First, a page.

We do not expect huge amounts of people to learn the languages we can write and speak fluently. What we care about is quality over quantity. It is better to have a small group of fluent speakers than a large group of half-speakers. We concentrate our efforts on producing just a few fluent speakers. We consider our approach very efficient and practical. Apart from a special focus on the production of fluent speakers, we have a special focus on the production of original materials; blogging in endangered languages is, therefore, an essential concept to our Foundation. A strict rule for the publication of endangered language articles on our blog is that they be original, and so authors actually have to make an effort to show their competence in each language. If original ideas are not being expressed anymore in a language, then it is already as if it is dead; originality is important for keeping languages alive, it gives them relevance. People often ask me, what makes endangered languages relevant? Have they not lost their relevance? As originality is naturally connected with human creativity, it may be said that human creativity is what makes languages relevant; relevance is what we can decide to create with our own efforts. Also, what creates relevance is our intimate connection with the communities and our knowledge of their traditions; a language is an entrance into a whole world, and without that specific language, you cannot experience that specific world. Respect for the elderly, which also translates to respect for the ancestors, is what motivates us greatly; we revere those who have lived before us by keeping their memory alive through the language. All in all, there are three essential virtues which contribute to the two-ingredient recipe: diligence, respect, and creativity.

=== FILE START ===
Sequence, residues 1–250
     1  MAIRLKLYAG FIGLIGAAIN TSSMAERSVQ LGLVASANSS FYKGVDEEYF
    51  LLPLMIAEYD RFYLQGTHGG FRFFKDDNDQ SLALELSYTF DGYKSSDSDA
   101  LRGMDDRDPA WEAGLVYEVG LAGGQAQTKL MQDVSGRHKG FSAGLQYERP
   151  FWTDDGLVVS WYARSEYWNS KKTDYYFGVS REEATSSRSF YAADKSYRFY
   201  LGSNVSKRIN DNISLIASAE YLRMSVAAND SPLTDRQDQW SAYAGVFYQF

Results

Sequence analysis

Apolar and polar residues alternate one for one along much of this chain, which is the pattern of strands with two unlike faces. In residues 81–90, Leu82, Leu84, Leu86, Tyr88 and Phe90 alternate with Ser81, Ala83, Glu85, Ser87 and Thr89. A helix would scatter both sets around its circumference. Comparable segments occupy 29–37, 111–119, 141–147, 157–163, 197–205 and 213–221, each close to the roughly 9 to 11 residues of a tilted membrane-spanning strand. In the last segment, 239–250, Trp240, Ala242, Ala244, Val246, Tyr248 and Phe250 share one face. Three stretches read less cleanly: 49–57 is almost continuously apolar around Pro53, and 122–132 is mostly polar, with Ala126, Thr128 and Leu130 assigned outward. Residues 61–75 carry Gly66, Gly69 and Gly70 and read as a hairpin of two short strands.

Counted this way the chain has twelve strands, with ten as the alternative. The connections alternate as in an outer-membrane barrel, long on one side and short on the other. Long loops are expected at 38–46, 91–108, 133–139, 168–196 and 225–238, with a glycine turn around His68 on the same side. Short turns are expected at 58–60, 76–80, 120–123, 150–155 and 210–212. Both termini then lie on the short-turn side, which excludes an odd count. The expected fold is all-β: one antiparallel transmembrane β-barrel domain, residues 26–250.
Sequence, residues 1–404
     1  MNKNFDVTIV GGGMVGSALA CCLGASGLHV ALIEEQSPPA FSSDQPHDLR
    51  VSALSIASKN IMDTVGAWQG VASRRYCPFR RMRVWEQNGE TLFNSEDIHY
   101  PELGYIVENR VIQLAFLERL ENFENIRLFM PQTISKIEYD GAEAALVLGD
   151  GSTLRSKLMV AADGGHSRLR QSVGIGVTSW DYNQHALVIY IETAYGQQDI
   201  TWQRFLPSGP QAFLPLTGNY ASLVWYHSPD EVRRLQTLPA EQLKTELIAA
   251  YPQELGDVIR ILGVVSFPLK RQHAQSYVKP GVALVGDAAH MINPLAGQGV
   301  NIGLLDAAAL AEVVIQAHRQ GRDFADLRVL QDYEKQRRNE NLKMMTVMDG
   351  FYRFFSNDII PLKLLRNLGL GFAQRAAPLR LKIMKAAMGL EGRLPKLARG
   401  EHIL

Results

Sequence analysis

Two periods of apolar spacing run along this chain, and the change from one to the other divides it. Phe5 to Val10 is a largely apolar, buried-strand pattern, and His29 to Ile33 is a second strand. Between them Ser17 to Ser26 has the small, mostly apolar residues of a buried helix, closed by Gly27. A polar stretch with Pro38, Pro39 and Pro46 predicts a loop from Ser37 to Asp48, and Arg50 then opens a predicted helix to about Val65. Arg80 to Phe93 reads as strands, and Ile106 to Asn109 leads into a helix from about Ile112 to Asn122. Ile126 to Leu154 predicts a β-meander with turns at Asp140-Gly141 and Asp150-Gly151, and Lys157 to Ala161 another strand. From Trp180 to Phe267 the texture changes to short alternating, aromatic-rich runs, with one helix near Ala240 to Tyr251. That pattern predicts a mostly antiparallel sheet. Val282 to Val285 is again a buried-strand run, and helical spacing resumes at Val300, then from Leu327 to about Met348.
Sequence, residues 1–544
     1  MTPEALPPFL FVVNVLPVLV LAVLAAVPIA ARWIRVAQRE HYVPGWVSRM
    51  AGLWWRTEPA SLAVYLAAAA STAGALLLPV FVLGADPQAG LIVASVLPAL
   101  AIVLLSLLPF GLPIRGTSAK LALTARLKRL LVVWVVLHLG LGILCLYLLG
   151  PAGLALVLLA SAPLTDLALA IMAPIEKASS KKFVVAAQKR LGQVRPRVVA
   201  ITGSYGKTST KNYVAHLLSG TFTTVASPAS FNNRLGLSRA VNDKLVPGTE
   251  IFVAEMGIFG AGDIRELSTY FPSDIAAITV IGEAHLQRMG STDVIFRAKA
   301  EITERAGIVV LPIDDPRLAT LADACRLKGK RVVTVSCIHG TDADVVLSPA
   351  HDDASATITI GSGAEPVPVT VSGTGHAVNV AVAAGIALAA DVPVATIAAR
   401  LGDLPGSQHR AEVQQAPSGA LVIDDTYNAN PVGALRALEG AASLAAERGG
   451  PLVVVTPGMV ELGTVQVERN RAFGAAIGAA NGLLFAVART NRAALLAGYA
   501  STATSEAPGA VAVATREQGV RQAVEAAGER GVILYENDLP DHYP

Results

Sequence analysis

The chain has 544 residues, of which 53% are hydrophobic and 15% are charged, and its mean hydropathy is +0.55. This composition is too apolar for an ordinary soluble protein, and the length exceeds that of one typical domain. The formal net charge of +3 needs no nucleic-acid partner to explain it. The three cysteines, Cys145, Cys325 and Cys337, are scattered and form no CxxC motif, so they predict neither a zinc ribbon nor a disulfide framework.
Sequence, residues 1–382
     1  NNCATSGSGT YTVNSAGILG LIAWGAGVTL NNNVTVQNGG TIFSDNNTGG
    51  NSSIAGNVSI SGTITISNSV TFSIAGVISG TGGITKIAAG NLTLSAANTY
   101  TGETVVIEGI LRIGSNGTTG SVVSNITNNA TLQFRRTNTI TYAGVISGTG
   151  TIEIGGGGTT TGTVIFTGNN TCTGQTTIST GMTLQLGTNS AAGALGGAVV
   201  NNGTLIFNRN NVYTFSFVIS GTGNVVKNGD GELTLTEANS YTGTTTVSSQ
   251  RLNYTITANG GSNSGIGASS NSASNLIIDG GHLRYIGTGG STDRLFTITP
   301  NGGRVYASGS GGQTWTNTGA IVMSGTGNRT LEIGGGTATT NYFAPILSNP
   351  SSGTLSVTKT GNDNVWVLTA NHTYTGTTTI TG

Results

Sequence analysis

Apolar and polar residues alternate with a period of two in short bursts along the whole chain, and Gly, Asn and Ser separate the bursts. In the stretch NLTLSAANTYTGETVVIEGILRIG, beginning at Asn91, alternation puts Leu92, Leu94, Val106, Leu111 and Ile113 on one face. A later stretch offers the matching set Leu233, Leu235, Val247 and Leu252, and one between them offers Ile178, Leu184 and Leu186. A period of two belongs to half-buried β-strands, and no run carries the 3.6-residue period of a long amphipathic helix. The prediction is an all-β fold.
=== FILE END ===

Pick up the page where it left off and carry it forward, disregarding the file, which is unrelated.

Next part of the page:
1. Am going to follow you on Twitter, am a huge fan of the Welsh language and my hope also is to see these beautiful languages gain more speakers — and the respect they rightfully deserve.

    Liked by 2 people

    • Thank you for following Operation X on Twitter, you are helping us a lot by following, liking and retweeting!
      Gaining more speakers for Celtic and Frisian languages is doubtlessly a worthwhile goal, and hopefully our words on this blog and the example of our hard work can give people the necessary motivation to pick up these languages.
      Respect is what these languages had in the past, but it was taken from them through stigmatisation. So what we are doing is restoring respect, and we are not introducing something novel; we are merely seeking the return of what was once normal.